Boris Johnson faces showdown with Tory rebels as peers inflict third defeat over ‘genocide amendment’

In a heavy defeat for the government, the House of Lords backed a cross-party amendment to the Trade Bill by 367 votes to 214 — majority 153 — which would allow a parliamentary panel of judicial experts to make an initial determination on whether genocide had been carried out by a signatory to an agreement.

The vote is the latest iteration of the legislative tussle between the House of Lords and Commons — known as parliamentary “ping pong”.

Peers are insisting safeguards are put in place to prevent the UK signing free trade deals with foreign powers deemed guilty of genocide.

With original proposals to give the High Court powers to determine whether a foreign power has committed genocide rejected by the government, the crossbench peer Lord Alton put forward a fresh amendment on Tuesday.

Proposing a “tweak”, Lord Alton pressed for a parliamentary panel of former judicial experts — rather than the High Court — to be involved in making a determination on whether genocide has been carried out by a signatory to a trade agreement.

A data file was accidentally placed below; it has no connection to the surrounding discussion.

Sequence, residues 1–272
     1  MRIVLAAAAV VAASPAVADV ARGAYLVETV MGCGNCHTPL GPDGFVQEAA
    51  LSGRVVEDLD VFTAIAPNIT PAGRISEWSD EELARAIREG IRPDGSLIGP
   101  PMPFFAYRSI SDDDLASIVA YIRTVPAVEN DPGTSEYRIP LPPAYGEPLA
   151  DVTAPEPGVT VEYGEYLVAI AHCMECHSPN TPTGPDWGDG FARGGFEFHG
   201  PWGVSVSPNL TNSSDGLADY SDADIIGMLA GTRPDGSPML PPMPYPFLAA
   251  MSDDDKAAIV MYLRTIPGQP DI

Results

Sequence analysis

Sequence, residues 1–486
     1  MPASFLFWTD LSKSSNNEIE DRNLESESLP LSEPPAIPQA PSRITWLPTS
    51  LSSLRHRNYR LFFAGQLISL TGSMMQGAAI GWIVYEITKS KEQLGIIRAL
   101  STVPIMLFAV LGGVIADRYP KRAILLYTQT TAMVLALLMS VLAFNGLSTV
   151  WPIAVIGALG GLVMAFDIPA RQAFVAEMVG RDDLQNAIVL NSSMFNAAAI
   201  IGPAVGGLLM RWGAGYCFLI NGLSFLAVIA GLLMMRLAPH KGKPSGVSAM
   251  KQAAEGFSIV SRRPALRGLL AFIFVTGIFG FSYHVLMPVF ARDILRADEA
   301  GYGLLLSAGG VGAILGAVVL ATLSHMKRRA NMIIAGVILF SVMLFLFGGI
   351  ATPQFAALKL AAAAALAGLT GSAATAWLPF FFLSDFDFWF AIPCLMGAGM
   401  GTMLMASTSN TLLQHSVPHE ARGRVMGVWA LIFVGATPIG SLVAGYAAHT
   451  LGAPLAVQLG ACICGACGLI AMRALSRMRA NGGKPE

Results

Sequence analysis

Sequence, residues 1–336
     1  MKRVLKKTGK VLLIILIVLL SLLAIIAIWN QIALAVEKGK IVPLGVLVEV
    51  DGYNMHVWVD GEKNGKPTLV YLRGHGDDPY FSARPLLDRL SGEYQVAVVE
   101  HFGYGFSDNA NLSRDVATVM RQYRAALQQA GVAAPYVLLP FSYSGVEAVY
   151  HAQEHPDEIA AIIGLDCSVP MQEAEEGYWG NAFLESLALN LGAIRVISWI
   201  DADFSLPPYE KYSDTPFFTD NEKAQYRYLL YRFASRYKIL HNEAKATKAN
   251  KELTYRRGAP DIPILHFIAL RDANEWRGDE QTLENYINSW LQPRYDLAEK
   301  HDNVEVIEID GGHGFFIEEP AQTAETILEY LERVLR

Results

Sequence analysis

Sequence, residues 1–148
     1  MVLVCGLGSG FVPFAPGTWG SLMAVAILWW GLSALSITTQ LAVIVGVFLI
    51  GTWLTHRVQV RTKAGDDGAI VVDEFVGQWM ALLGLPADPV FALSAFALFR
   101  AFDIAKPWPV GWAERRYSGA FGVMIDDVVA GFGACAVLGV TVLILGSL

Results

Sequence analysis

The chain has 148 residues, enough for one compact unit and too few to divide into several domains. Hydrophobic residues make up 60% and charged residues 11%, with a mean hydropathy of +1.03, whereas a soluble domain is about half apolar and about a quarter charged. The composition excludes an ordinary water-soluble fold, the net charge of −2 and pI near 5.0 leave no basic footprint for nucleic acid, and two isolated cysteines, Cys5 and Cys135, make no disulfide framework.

Arguing for the measure, Lord Alton told peers: “We have failed to predict genocide, we have failed to prevent genocide, we have failed to protect victims of genocide and we have failed to prosecute perpetrators of genocide.

“The genocide amendment is a modest attempt to begin to address some of those failings. The all-party amendment is a genuine attempt to try and meet the government halfway.

“We have tweaked the government amendment, which would enable the appropriate select committee to refer evidence, if they have found some, to an ad hoc judicial committee comprised of members of our House who have served at the highest levels of the judiciary.

“Although emphatically it is not a court, which was the preferred option of peers, it would be empowered to determine whether the evidence is sufficient to support the claim that genocide has been or was being committed by a state counter-party to a bilateral trade agreement.”

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